One more thing: you said that Yama "carries dead persons from earth to yamaloka in his vehicle, a buffalo". But Yama doesn't usually transport souls himself; his attendants the Yamadutas are the ones who usually do that. The Vana Parva of the Mahabharata tells the story of Savitri. When Savitri's husband Satyavan dies, Yama comes to take him, so Savitri asks him, "I had heard that thy emissaries come to take away mortals, O worshipful one! Why then, O lord, hast thou come in person?" Yama says this in response:

This prince is endued with virtues and beauty of person, and is a sea of accomplishments. He deserveth not to be borne away by my emissaries. Therefore is it that I have come personally.

So clearly he's making an exception to the standard procedure.

  • Good answer, nice explanation . I'm still having some doubts about this story and I'll ask on another occasion. – Kiran RS Jul 21 '14 at 14:40
  • @KiranRS Are you having doubts about Yama's story in particular, or about the general story of Surya and Sanjana? I provide more detail about the story of Surya and his wives in this answer: hinduism.stackexchange.com/a/545/36 – Keshav Srinivasan Jul 21 '14 at 15:18
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Matsya Purana Chapter 11 narrates slightly a different story regarding how he became king of Yamaloka.

After getting cursed by Chaya, disguised as Sanjana, Yama develops detachment in his mind and did Tapas for Lord Shiva 20,000 years. Lord Shiva grants him the boon to become Lokapaala and powers to judge Dharma and Adharma.

Chäyä loved her son Manu much more than the other children. This step motherly treatment was tolerated by Manu the son of Sanjfiä, but once Yama was enraged because of this and threatened Chäyä to kick her with his left foot. At this Chäyä pronounced a curse on Yama, "Your foot shall be eaten up by the worms. The blood and puss shall always ooze out of it."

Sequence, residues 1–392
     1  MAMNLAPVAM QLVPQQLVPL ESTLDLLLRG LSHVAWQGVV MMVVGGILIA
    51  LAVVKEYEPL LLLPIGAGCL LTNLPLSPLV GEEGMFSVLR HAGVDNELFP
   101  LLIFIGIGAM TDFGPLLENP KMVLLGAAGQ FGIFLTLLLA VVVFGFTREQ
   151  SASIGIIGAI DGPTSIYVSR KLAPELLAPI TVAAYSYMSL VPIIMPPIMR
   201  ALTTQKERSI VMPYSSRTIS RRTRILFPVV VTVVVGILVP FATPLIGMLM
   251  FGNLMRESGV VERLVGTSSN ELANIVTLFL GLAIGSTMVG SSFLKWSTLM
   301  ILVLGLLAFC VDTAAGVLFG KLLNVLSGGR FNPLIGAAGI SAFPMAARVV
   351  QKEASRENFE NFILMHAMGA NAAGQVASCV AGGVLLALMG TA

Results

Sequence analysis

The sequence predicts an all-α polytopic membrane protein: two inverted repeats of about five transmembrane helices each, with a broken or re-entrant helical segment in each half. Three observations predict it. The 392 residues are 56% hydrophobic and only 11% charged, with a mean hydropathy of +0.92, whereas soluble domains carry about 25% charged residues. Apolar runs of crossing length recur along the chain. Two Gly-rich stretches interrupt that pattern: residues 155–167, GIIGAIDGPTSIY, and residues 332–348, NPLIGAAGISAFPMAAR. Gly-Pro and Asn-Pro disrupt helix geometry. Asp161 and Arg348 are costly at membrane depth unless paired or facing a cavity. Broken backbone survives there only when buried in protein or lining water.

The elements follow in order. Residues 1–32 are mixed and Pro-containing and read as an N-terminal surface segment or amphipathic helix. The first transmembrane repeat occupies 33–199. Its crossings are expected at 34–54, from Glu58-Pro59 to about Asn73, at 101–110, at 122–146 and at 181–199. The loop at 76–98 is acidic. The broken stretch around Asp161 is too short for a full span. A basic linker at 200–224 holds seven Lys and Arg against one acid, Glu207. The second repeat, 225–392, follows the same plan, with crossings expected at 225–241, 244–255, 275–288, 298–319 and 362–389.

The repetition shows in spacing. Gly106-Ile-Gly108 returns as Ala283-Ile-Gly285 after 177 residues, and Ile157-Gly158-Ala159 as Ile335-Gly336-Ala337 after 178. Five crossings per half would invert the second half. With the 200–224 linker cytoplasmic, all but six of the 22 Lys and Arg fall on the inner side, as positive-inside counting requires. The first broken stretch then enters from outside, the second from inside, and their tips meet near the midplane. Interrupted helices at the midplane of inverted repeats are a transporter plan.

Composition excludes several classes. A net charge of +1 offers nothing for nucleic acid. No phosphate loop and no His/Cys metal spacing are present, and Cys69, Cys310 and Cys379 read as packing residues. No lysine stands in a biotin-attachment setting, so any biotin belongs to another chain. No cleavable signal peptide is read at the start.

On hearing the curse, the enraged Yama, went to his father and spoke, "O Lord, the enraged mother has pronounced a curse on me for no reason at all. O Lord, because of my childish habit, I had raised my right foot once. At this, she, inspite of dissuading by the elder brother Manu, pronounced a curse on me. Since she has attacked me by means of a curse, therefore she does not appear to be our mother." On hearing this the sun god again said to Yama, "O Intelligent one, what should I do? One has to suffer sometime due to some one's own foolishness. Or otherwise one has to reap the reward of his own karmas. This rule is applicable over Siva himself, then what to speak of others. Therefore, O Son, I am giving you a cock or a peacock, which shall consume all the worms of your foot besides the -blood and the puss emerging out of it."

At these words of the father, the immensely glorious Yama developed detachment in his mind. Then he went to the holy place of Gokarna living on fruits, leaves and the air, engaged himself in severe tapas. In this way, he adored lord Mahädeva for twenty thousand years. In due course of time, the trident bearer Siva, getting pleased with his tapas appeared before him.

Then Yama, in the form of a boon, achieved the position of a Lokapäla, besides the lordship of the manes, and the powers of judgement for the performing of dharma and adharma by the people. Siva, the lord of the universe, bestowed all the boons on him.